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Great Plains Bass Forecast for 2016

Great Plains Bass Forecast for 2016

From Kansas to Nebraska to the Dakotas, the Great Plains states offer some great fishing. Here are the top locations.

The Great Plains States of Kansas, Nebraska, South Dakota and North Dakota have tremendous bass fishing opportunities that often fly under the radar. Part of the obscurity lies in the simple fact that this vast geographical region lacks the namesake lake or reservoir that is a household word in bass fishing lore.

While there might not be a Sam Rayburn or Bull Shoals Reservoir, and there might not be that many bass anglers compared to other parts of the country where bass fishing popularity is much more extreme, don't let the lack of attention fool you. There are several lesser-known bodies of water that showcase some quality bass fishing opportunities, and many anglers are surprised by just how unassuming some of these fisheries can be.

Many anglers across the Great Plains, particularly the Dakotas, are obsessed with walleye fishing. You can almost draw an imaginary line near Omaha, Neb. The southern half of the Great Plains states see an upswing in popularity for bass, catfish and crappie. To the north, walleyes are the hot species. Across all four states however, there is some tremendous bass fishing for this season ahead.


Kansas anglers have a good assortment of lakes, reservoirs and small ponds that offer tremendous bass fishing.

According to state biologist Craig Johnson, Butler Lake is a top pick for this upcoming season because of the number of largemouth bass pushing 6 pounds. This 126-acre lake has had the highest catch rate in the state of Kansas for small lakes. Early in the season, anglers often target the emerging weed growth along the bank or in the inlet. While there is some offshore structure in the lake that will hold bass, many fish can be found all summer in the lily pads.

While as not well known as Butler Lake, McPherson State Fishing Lake is another 46-acre small lake opportunity that fishes big. And this lake is getting more popular. Like Butler, McPherson also has a very high density of largemouth bass with high catch rates. In fact, fall of 2014 lake surveys showed that McPherson had one of the highest concentrations of largemouth bass over 20 inches in the state. There is little structure in the lake, so most bass are caught off the bank.

To experience high catch rates with numbers of fish, Sebelius Reservoir would be a top pick in this state for this season. This 2,300 acre reservoir boasts the highest bass densities in Kansas for largemouth bass over 12 inches and spotted bass over 11 inches. Most of the largemouth bass range between 12 and 15 inches, with fish slightly over 4 pounds sampled. The lake has a size limit of 15 inches.

To exchange quantity for quality, both La Cygne and Big Hill offer larger fish. La Cygne Lake is a 2,600-acre cooling lake with a warm water discharge and is one of the best bets in Kansas for big bass. Fish over 9 pounds are possible. Bass can be found throughout the lake. Early in the season, target the feeder creeks that will hold staging bass.

Late in the season, focus on the warm water discharge area. As the season progresses, anglers often shift attention to the riprap, bluff walls and weedbeds. Crankbaits and spinnerbaits often catch numbers of fish. For targeting the larger fish, Carolina or Texas rig big lizards.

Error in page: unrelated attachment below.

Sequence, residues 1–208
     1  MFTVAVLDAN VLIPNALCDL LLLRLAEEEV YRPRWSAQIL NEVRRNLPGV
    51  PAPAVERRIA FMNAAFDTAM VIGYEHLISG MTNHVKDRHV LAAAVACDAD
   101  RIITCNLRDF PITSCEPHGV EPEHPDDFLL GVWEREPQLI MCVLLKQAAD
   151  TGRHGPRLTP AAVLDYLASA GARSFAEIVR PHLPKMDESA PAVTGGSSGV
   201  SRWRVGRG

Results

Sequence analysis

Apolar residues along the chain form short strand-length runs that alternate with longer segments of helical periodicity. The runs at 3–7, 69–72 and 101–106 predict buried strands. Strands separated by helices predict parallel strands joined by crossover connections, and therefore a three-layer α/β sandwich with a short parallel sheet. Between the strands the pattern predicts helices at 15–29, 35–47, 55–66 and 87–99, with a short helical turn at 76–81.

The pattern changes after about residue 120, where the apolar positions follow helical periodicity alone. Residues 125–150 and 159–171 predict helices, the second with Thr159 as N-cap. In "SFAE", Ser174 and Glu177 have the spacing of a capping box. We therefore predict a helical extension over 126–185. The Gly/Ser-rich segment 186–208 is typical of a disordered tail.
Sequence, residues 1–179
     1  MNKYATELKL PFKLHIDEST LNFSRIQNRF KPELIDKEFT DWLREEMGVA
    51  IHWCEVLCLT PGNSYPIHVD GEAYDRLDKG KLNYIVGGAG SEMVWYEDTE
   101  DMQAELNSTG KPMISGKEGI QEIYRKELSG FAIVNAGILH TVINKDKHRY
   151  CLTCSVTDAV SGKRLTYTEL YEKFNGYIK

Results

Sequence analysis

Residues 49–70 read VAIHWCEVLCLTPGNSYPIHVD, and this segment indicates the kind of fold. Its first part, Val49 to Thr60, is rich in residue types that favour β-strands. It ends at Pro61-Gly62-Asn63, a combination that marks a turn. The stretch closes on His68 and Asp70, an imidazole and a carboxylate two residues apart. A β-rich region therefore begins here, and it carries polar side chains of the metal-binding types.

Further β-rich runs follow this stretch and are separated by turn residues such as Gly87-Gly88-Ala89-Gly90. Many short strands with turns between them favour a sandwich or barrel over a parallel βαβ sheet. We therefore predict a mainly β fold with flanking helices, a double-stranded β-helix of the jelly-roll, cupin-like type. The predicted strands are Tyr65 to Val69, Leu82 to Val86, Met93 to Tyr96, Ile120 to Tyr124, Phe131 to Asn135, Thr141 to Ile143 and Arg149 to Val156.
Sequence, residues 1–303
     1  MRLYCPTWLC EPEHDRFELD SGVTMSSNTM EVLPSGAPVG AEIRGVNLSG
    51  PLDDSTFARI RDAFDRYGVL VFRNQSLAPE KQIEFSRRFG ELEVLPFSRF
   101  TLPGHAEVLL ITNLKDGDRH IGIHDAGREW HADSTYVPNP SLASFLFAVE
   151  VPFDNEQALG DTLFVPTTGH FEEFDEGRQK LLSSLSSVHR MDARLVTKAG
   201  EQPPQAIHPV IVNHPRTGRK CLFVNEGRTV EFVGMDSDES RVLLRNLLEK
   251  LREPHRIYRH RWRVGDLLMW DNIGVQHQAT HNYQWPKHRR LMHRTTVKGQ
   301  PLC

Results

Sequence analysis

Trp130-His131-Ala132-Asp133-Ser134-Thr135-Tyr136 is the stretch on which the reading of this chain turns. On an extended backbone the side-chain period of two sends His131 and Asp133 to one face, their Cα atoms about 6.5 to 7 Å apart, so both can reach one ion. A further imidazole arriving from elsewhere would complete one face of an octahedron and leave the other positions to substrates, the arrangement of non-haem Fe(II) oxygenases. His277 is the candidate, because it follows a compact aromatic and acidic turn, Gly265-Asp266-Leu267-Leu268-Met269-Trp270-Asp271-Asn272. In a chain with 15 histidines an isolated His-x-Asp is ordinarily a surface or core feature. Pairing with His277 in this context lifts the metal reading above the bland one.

Big Hill Lake is a 1,200-acre body of water that is pristine and productive. Surrounded by dense stands of hickory and oak trees, this rock-rimmed Kansas lake is often referred to as the gateway to the Ozarks because of its similarity to many Ozark fisheries to the east.


Known for excellent water visibility and good populations of largemouth bass, this lake is also becoming more known for a growing smallmouth bass population. Bass up to 6 pounds are present, along with smallmouth bass surpassing 4 pounds. Focus on the flooded timber for largemouth bass and rocky points and bluff walls for smallmouth bass.

The smallmouth bass story in Kansas is a great success story. This upcoming season, Wolf Creek (Coffey County Lake) looks to have one of the higher population densities of smallmouth bass, with high numbers of fish between 12 and 15 inches. This nuclear power plant cooling lake also has good populations of largemouth bass and is historically one of Kansas's best bass lakes. For slightly larger smallmouths, Milford Reservoir should be a good bass option this season, based on recent electrofishing sampling.


The Cornhusker State has a great variety of bass water, and some fisheries should offer great opportunities this season.

Lake McConaughy is often well known for walleye fishing, but don't overlook the smallmouth bass fishing. The bass really benefitted from high water a few years back, and their population is strong. Big Mac, as this reservoir is affectionately referred to, is 30,000 acres at full pool, the largest lake in Nebraska. Both smallmouth bass and largemouth bass are present. Focus on the eastern and southern end of the reservoir near the dam where there are many rocky shorelines and points for smallmouths. The shallower and warmer west end of the reservoir typically produces more largemouth bass.

Few anglers specifically target the bass. But the smallmouth bass population in particular is impressive with, good numbers of 2- to 4-pound fish. According to Robby Rowland, who spends a lot of time guiding on this popular Nebraska fishery, anglers often find smallmouths along rocky shorelines and riprap. Anglers casting white spinnerbaits and twitch baits often catch not just smallmouth bass but walleye, catfish, wipers and white bass as these predators key on the roaming schools of alewives.